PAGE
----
Today is the 100th anniversary of the world premier of Igor Stravinsky’s The Rite of Spring score and ballet, which was originally done in Paris in 1913 . For a cool visual interpretation of the music, check out this link. It featured Sergey Diaghilev’s Ballets Russes and choreography by Vaslav Nijinsky. The piece forever changed classical music and ballet, in the way that it introduced a new kind of modern music, dance and story. According to this NPR article:
“In addition to the outrageous costumes, unusual choreography and bizarre story of pagan sacrifice, Stravinsky’s musical innovations tested the patience of the audience to the fullest. When the curtain rose and the dancing began, there appeared a musical theme without a melody, only a loud, pulsating, dissonant chord with jarring, irregular accents. In the introduction, Stravinksy called for a bassoon to play higher in its range than anyone else had ever done. In fact, the instrument was virtually unrecognizable as a bassoon. One of the dancers recalled that Vaslav Nijinsky’s shocking choreography was physically unnatural to perform. ‘With every leap we landed heavily enough to jar every organ in us.’ The music itself was angular, dissonant and totally unpredictable. The audience responded to the ballet with such a din of hisses and catcalls that the performers could barely hear each other.”
The ballet and score was seen as scandalous and required the police to come and stop the riot caused by the audience’s reaction. People reacted in the voilent way they did because the ballet and music went totally against other traditional ballet and orchestra pieces of the day. According to this webpage about the riot, “As the ballet progressed, so did the audience’s discomfort. Those in favor of Stravinksy’s work argued with those in opposition.” The composer himself was said to be incredibly angry at the crowd’s response to his music.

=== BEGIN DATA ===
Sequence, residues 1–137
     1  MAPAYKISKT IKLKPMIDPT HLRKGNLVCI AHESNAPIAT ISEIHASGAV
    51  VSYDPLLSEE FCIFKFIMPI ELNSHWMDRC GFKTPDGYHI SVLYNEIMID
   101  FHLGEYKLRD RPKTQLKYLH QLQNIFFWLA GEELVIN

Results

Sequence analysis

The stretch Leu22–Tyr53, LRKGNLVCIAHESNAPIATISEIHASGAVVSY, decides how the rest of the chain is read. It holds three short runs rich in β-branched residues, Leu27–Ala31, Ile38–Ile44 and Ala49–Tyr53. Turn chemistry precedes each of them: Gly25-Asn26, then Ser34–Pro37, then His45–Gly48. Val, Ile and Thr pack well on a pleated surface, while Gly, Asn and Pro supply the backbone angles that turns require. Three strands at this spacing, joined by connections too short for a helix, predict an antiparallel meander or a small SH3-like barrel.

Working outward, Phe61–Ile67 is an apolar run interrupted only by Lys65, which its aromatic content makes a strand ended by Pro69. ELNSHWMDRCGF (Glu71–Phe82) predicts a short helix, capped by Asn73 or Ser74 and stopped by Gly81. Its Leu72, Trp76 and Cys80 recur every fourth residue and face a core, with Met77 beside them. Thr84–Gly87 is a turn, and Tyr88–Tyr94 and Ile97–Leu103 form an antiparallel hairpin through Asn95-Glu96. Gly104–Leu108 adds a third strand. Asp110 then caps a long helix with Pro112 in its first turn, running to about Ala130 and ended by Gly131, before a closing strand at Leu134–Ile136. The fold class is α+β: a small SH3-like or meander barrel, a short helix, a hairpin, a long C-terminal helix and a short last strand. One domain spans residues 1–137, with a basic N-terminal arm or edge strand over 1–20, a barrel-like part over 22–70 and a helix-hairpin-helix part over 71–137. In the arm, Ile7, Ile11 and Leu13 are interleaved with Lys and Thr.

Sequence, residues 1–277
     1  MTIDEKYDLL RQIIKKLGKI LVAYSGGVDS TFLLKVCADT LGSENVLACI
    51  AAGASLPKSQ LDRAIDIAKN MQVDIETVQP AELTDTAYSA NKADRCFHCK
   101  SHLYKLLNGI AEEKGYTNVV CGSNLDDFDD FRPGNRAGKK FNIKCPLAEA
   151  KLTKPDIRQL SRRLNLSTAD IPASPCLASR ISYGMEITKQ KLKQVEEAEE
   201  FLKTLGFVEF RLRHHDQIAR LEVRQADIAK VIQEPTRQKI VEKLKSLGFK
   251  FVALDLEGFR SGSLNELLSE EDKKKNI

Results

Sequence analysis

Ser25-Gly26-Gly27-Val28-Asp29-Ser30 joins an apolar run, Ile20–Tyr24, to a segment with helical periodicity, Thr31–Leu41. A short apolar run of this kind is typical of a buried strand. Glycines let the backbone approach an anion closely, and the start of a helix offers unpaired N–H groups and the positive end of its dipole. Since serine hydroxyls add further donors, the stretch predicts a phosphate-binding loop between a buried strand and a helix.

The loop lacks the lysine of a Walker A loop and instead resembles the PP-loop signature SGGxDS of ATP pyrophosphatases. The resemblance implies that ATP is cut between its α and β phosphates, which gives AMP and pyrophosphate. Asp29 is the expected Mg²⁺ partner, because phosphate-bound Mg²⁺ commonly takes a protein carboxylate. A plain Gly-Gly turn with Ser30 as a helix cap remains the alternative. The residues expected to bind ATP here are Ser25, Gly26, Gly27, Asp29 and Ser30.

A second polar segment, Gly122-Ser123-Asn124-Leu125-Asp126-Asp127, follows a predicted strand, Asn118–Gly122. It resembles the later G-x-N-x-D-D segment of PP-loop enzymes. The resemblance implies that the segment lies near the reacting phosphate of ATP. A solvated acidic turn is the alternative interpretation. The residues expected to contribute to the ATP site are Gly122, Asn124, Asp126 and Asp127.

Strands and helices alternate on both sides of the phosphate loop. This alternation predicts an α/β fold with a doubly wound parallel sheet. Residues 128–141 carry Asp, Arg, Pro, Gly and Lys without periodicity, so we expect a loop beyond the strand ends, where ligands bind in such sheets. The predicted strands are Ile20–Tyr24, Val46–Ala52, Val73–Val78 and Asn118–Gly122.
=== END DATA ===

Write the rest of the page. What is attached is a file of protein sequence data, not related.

I first heard The Rite of Spring score as a kid, though I didn’t know it. It was one of the pieces of music selected for the Disney movie Fantasia. It is shortened by ten minutes instead of having the full 35 minute piece, and is the fourth and longest segment in the film. To be honest, it wasn’t one of my favorites, probably because it is so dark and discordant sounding (although I loved Toccata and Fugue in D Minor by JS Bach, which was also dark). I much preferred the happier sounding Nutcracker Suite by Tchaikovsky, The Pastoral Symphony by Beethoven, or Ponchielli’s La Giaconda: Dance of the Hours. I know the movie gets a lot of complaints about scaring children with The Night on Bald Mountain sequence and all the topless female centaurs in the Pastoral Symphonys section of the film, it has always been one of my favorites and probably at least part of the reason why I still really enjoy listening to classical music today. I’ve never seen the piece live and it is probably one of the few ballets that I would actually love to go see, just to hear the music.